Dreadful news from Foggy Bottom: The absolutely perfect diplomatic appointment, the one we've dreamed of for years, is about to be diminished forever. The State Department is selling the spectacular 14-acre Chelston estate, residence of the U.S. consul general in Bermuda, for $12 million to $13 million.

The posting, which requires no heavy lifting, has long been fought over by worthy political contributors because of the splendor of the estate, which has a cozy 10,000-square-foot, four-bedroom house with private beaches, terraced gardens and incomparable views.

The new consul general, Michigan Democratic heavyweight Larry Owen, will be living in a relatively tiny 6,000-square-foot rented house on a paltry three acres and no ocean frontage.

On the other hand, the move will make the job even easier. In addition to handling the annual Fourth of July party, one of the most difficult duties of the consul general over the years has been to coordinate guests, not only at the main house but also at the two-bedroom guest house, a beach cottage and two apartments in the old stable and carriage house. This should cut down on the flow.

The sale, likely to be completed Oct. 31, is pure profit for the government, which had listed the property for $15 million. Chelston, which cost $40,000 a year to maintain, was given to the United States in the 1960s by the heirs of an American oilman. The State Department hopes to reuse the money to get at least decent housing at some posts where the career foreign service people, the ones who do the heavy lifting, are living in places even HUD might declare substandard.

For Owen, an East Lansing lawyer, it's been a rocky start. He was all set to fly down last month to be sworn in Sept. 20 but the ceremony was delayed several days because of Hurricane Gert.

It's Time to Redress the Gores

We've been receiving suggestions in recent days for what costumes Vice President Gore and Tipper Gore should wear at their annual Halloween party for the press Oct. 31. So it must be time for the Loop's Third Annual Gore Halloween Party Costume Contest.

The Gores always wait until the last minute to figure out what to wear. (This year they're no doubt even busier than usual.) They've gone as Mr. and Mrs. Frankenstein, werewolves and mummies. Obviously they're in need of creative help.

So send in your suggestion--one entry per person--for the perfect costume for the Gores. Entries "on background" will be accepted. The top five winners will be announced here and receive those museum-quality In the Loop coffee mugs.

Please mail suggestions to In the Loop, The Washington Post, 1150 15th Street N.W., Washington, D.C. 20071 or via e-mail to Loop@Washpost.com. Entries should be postmarked or e-mailed no later than Friday, Oct. 22, to give our judges time to review them and forward to the Gores for guidance. Don't forget to include home and work telephone numbers on your entries. Good luck!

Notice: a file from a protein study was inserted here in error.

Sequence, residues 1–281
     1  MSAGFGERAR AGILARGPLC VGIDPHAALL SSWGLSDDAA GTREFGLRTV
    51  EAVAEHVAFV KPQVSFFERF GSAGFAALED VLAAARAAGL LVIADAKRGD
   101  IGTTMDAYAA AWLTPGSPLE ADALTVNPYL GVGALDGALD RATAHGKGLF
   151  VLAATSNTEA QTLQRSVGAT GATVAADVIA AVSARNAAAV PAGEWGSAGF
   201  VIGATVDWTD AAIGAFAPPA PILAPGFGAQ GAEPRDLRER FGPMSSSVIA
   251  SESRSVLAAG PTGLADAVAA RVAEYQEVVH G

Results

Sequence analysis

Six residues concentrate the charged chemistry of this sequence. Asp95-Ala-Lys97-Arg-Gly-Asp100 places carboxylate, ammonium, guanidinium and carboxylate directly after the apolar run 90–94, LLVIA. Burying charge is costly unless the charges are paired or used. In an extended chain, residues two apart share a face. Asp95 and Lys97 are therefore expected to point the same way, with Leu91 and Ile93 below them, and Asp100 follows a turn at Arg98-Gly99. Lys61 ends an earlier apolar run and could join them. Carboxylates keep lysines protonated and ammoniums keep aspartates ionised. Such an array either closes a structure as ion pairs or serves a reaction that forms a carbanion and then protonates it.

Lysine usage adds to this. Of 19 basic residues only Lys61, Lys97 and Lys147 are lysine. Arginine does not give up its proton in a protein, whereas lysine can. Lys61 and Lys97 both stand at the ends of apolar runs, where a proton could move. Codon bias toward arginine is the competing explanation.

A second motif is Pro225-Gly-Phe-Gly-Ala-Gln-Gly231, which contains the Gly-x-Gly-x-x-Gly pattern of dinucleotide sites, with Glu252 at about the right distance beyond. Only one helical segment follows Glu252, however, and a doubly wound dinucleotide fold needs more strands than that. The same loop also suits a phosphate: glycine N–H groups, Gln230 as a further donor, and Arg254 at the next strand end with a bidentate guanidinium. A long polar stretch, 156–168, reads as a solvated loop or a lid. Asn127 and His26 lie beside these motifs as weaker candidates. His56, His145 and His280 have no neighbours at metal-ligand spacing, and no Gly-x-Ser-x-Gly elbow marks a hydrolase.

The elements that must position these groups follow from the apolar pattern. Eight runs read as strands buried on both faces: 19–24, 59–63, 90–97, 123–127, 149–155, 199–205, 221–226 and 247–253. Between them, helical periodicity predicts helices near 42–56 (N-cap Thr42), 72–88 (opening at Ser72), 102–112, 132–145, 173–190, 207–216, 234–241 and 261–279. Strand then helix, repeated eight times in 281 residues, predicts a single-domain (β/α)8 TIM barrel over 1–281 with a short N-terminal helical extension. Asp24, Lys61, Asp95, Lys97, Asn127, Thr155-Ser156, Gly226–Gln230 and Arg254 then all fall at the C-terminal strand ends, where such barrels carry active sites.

To Helms, Treaty Debate Comes Down to Monica

At the end of debate Wednesday night on the Comprehensive Test Ban Treaty, Senate Foreign Relations Committee Chairman Jesse Helms (R-N.C.) cited several high-level officials from previous administrations who opposed the treaty, saying he would rather rely on them than "three overseas people who don't know anything about our country," an obvious reference to British Prime Minister Tony Blair, French President Jacques Chirac and German Chancellor Gerhard Schroeder, who signed on to a New York Times op-ed piece pushing for ratification.

Then Helms said: "Because, after all, the president could pick up the phone and say, 'Look, Tony, I've got a problem over here, got a hat full of worries, how about sending me a little old letter?' I know Tony will say, 'Yes, I'll do that. Give Monica my regards.' "

The reference to Monica S. Lewinsky was excised from the Congressional Record. Fortunately, modern technology has trumped that little custom and the comment was played again and again on television.

Lott, Thinking the Unthinkable

Meanwhile, although lots of Democrats were upset by the Senate's resounding defeat of the treaty, some of President Clinton's judicial nominees were doubtless delighted by the debate.

Senate Majority Leader Trent Lott (R-Miss.), rolling the Democrats to get to a vote on the treaty--which the Democrats had sought to put off--said: "Sometimes we come up with agreements that allow things to go to another day. Sometimes we strive mightily and we can't reach that. And sometimes," Lott concluded, "you just have to fulfill your constitutional responsibility and you just vote."

Good news for nominees waiting nearly four years for a vote?

It's Official . . .

Clinton has nominated Air Force Gen. Richard Myers, head of the U.S. Space Command, to be vice chairman of the Joint Chiefs of Staff, succeeding Air Force Gen. Joseph W. Ralston, who has been nominated to succeed Army Gen. Wesley Clark as NATO supreme commander. Air Force Gen. Ralph E. Eberhart is the pick to replace Myers at the space command.

Federal Transit Administrator Gordon J. Linton, whose six years in the position makes him the longest-serving in the job since the program began in 1961, is leaving to form his own consulting firm.